A Story-Teller On The News Beat Powers On
Giselle Fernandez: Her mission to expose ivory tower corruption, and protect the common man
By Alex Ben Block
An expanded profile about Spectrum One News Anchor Giselle Fernandez, honored with the L.A. Press Club Presidents Award
“I feel I'm doing the best work of my career”
After an Emmy award-winning career as a correspondent for CBS News, anchoring the Sunday NBC Nightly News, and covering stories from the U.S. invasion of Panama to the Persian Gulf War to the bombing of the World Trade Center to interviewing Fidel Castro, Presidents H.W. Bush and Bill Clinton, and others, Giselle Fernandez had been away from journalism for 15 years. Then, in 2018, the phone rang in her Los Angeles office.
“I finally got a call from one person, one fabulous woman who remembered me and said, ‘would you like to come back to television?’” recalls Fernandez, who was running a production, management and media strategy business in Los Angeles at the time. “ And I thought, let me think who I have in the roster of my company. I have some wonderful talent. I was representing talent at the time too. And she goes, ‘No, no, you!’
“And I was like, you know I'm in my fifties,” she said with a laugh. “Will you please come see me?’”
The call was from Cater Lee, Spectrum’s VP News & Content, telling her that they were creating a news network, and wanted her to host their morning show, a prime-time interview show and a podcast.
When they met, Lee shared a vision for news that would be “hyper local, deeply embedded in the community,” recalled Fernandez, “where people report on the issues that are important to these communities.”
“I'd known her many, many years,” said Fernandez. “She knew my work. But, when you think of people in this business, it's so fickle... Your career is on the whim someone's subjective taste. And so, I (had) thought, ‘okay, my time was done’ but I used to secretly say, ‘you know, I'm going to do it anyway.’ And doing it gave me a template to just exercise that muscle and do what I feel born to do, which I love to do, to tell people stories.”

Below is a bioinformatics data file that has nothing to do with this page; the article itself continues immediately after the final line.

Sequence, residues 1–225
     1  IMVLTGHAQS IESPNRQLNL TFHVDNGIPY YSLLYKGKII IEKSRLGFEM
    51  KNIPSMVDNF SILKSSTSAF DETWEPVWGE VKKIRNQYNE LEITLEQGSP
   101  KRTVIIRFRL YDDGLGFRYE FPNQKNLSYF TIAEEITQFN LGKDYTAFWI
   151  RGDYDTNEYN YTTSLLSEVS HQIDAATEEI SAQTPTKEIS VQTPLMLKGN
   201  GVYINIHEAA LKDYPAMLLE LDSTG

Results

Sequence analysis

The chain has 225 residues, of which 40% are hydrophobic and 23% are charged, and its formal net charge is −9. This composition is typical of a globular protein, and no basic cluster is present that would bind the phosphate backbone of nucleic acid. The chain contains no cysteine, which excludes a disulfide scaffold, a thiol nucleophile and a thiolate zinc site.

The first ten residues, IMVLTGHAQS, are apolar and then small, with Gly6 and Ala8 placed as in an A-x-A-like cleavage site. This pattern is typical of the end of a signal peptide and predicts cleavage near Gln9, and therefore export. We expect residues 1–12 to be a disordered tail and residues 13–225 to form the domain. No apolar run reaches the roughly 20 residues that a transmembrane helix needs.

Now nearly five years later, Fernandez is telling her stories and Spectrum News 1 is well established. In January, it reported “more than 2.4 million (viewers) daily,” plus millions more on Spectrum systems nationwide and the Spectrum Plus service.
“The stories I get to tell, the people that I get to be with, it's the greatest job in the world,” says Fernandez. “Even with the crazy dynamics of divisive politics, bigotry and anti-Semitism on the rise, the challenges to democracy and our first amendment rights - you know, fake news and enemy of the people - when you shut out the noise and stick to the facts and stories and really build trust in your accuracy and empathy and try to see all sides, what a gift that I'm able to do this in a local market, which I no longer see as secondary to a network.”
"Giselle is telling stories that no one else in Los Angeles is telling," said Los Angeles Press Club President Lisa Richiwne. "She is shedding light on all corners of the city and approaches her stories with curiosity and empathy.”
That is why Fernandez received the Los Angeles Press Club’s 2023 President’s Award for Impact on Media, which was presented by Sharon Stone on Sunday, June 25, in downtown Los Angeles.
In her introduction, the Basic Instinct star made clear she was not just there as a celebrity to add glitter to the affair. Her relationship with Fernandez is personal.
“She did my story and I want to tell you that story changed my life,” Stone said. “And it is changing very much so the trajectory of my career that was greatly derailed by my disability when I had a stroke and a massive brain hemorrhage. I am here not only because I understand the integrity of Giselle’s work. I am here because her work and her ability to let people see the truth of my life has greatly changed my life.”
“I feel I'm doing the best work of my career,” said Fernandez, “and I feel so grateful to be able to do it as a result and have a deep sense of mission in doing it.”